We were appalled at her anti-democratic moves to prevent parliament having a vote, and to run down the clock by delaying it until mid-January. This was an utterly irresponsible decision, and gambling with the jobs and livelihoods of our constituents.

The Tory government approach has been disastrous since day one. Their plans would lead to more austerity, fewer jobs and less money for our public services. This is not what anyone voted for in 2016.

We represent hugely diverse constituencies from the North to the South, from Wales to Scotland. Many of our constituencies voted to Leave in 2016. We must listen to and respond to the reasons why people did so. But we now face a moment of national crisis, where the facts and the views of many people have changed – and are continuing to change.

It is now clear renegotiation is not a realistic prospect. No deal would be a catastrophe which we must resolutely oppose. The government should seek an extension to Article 50 to provide time for Parliament to find a way forward. Theresa May has failed to bring this country back together. Labour’s conference adopted a clear policy for this situation.

We must try and remove this government from office as soon as possible. But the removal of the government and pushing for a general election may prove impossible, so we must join trade unions, our members and a majority of our constituents by then unequivocally backing the only logical option to help our country move forward: putting the decision back to the people for a final say, in a public vote, with the option to stay and keep the deal that we have.

Defeat of the Tory deal in a public vote would give us all a chance to campaign for the anti-austerity policies and a Labour government that deals with the true causes of the Brexit vote, and a reformed Europe that works for all people.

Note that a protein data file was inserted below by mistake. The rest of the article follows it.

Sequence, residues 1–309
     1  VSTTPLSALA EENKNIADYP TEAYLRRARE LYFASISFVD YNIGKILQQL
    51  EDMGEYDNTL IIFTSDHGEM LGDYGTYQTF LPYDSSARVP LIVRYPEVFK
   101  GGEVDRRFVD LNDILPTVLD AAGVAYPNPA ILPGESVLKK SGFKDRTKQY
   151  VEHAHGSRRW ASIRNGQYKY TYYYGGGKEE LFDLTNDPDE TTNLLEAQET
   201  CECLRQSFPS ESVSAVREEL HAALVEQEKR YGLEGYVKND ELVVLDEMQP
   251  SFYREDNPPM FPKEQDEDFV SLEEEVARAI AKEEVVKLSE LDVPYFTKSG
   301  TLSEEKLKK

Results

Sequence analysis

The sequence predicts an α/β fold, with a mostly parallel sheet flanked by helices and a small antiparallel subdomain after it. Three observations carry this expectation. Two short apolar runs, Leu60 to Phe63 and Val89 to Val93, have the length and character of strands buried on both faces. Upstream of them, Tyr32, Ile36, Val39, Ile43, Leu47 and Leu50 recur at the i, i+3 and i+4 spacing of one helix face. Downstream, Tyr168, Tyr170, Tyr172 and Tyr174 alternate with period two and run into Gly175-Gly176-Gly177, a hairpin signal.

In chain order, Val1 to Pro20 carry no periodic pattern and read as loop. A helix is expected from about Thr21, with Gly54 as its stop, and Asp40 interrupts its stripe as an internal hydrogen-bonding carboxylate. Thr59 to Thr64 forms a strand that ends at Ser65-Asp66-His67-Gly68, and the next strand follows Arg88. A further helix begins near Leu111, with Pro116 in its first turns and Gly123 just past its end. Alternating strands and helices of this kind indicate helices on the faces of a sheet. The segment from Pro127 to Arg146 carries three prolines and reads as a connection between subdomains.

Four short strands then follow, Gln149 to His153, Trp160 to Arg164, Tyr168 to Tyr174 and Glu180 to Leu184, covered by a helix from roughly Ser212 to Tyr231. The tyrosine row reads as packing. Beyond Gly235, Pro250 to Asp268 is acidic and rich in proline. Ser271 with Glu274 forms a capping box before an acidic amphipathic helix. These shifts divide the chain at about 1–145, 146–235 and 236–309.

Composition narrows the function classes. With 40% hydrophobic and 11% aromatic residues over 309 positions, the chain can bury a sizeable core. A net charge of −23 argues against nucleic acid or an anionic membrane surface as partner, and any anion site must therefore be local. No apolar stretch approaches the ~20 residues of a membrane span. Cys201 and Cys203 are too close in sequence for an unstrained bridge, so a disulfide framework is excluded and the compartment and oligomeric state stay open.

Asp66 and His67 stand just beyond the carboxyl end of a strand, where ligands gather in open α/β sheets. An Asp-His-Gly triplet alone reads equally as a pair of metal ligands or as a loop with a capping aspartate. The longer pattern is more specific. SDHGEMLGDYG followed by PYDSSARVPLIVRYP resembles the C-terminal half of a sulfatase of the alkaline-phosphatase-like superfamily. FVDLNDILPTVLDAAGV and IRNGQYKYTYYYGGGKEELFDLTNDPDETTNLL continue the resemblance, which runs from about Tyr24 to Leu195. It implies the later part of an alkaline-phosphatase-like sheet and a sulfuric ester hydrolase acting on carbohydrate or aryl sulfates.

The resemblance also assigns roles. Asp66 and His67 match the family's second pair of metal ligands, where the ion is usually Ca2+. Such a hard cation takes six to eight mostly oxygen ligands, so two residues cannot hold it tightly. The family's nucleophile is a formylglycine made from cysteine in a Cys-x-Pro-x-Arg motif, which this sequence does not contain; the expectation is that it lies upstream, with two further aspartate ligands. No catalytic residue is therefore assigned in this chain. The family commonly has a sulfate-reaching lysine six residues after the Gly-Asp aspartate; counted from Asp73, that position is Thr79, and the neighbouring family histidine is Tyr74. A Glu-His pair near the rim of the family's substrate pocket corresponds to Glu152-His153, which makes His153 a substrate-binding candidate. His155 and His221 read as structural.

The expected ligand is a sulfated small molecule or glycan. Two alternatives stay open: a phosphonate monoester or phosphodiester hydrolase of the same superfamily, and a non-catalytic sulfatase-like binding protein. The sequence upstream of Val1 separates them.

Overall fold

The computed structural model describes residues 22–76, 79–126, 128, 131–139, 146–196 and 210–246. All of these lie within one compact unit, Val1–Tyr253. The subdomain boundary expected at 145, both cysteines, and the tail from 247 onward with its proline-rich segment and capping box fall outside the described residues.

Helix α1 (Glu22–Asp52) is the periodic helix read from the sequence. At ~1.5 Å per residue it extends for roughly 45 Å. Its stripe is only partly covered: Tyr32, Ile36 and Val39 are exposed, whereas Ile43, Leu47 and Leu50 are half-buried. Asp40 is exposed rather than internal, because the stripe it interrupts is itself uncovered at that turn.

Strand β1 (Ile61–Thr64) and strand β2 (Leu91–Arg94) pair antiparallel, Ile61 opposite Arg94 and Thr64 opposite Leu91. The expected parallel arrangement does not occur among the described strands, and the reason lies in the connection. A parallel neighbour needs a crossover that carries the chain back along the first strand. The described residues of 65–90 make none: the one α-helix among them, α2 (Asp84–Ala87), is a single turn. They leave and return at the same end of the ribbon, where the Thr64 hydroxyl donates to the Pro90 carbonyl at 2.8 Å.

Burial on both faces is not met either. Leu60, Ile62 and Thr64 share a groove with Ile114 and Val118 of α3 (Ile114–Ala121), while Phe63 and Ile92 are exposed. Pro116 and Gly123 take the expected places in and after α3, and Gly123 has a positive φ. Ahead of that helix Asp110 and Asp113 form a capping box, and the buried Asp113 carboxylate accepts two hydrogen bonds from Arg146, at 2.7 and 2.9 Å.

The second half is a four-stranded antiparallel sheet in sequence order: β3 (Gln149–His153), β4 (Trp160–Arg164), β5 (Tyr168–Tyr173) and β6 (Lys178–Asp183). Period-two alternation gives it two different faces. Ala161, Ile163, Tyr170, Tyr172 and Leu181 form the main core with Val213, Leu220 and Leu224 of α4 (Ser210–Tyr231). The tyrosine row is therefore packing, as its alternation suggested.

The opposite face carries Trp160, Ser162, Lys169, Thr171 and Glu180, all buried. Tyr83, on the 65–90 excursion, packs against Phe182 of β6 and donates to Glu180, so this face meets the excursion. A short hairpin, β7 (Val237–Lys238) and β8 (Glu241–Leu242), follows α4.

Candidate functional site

Debbie Abrahams MP
Rushanara Ali MP
Tonia Antoniazzi MP
Luciana Berger MP
Rt Hon Margaret Beckett MP
Roberta Blackman-Woods MP
Ben Bradshaw MP
Karen Buck MP
Chris Bryant MP
Ruth Cadbury MP
Ann Clwyd MP
Ann Coffey MP
Neil Coyle MP
Mary Creagh MP
Alex Cunningham MP
Janet Daby MP
Geraint Davies MP
Stephen Doughty MP
Rosie Duffield MP
Louise Ellman MP
Mike Gapes MP
Kate Green MP
Lillian Greenwood MP
John Grogan MP
Rupa Huq MP
Margaret Hodge MP
Darren Jones MP
Maria Eagle MP
Susan Elan Jones MP
Julie Elliott MP
Graham Jones MP
Liz Kendall MP
Ged Killen MP
Peter Kyle MP
David Lammy MP
Chris Leslie MP
Seema Malhotra MP
Kerry McCarthy MP
Siobhan McDonagh MP
Pat McFadden MP
Conor McGinn MP
Alison McGovern MP
Anna McMorrin MP
Catherine McKinnell MP
Madeleine Moon MP
Stephen Morgan MP
Ian Murray MP
Albert Owen MP
Bridget Phillipson MP
Jess Phillips MP
Ellie Reeves MP
Rachel Reeves MP
Joan Ryan MP
Virendra Sharma MP
Barry Sheerman MP
Gavin Shuker MP
Tulip Siddiq MP
Andy Slaughter MP
Angela C. Smith MP
Owen Smith MP
Jo Stevens MP
Wes Streeting MP
Gareth Thomas MP
Stephen Timms MP
Anna Turley MP
Chuka Umunna MP
Matt Western MP
Martin Whitfield MP
Paul Williams MP
Phil Wilson MP
Daniel Zeichner MP


Richard Corbett MEP (Leader of EPLP / Shadow Cabinet)
Derek Vaughan MEP
Seb Dance MEP
Paul Brannen MEP
Catherine Stihler MEP
Wajid Khan MEP
Julie Ward MEP
Clare Moody MEP
John Howarth MEP
Theresa Griffin MEP
Jude Kirton Darling MEP
David Martin MEP
Mary Honeyball MEP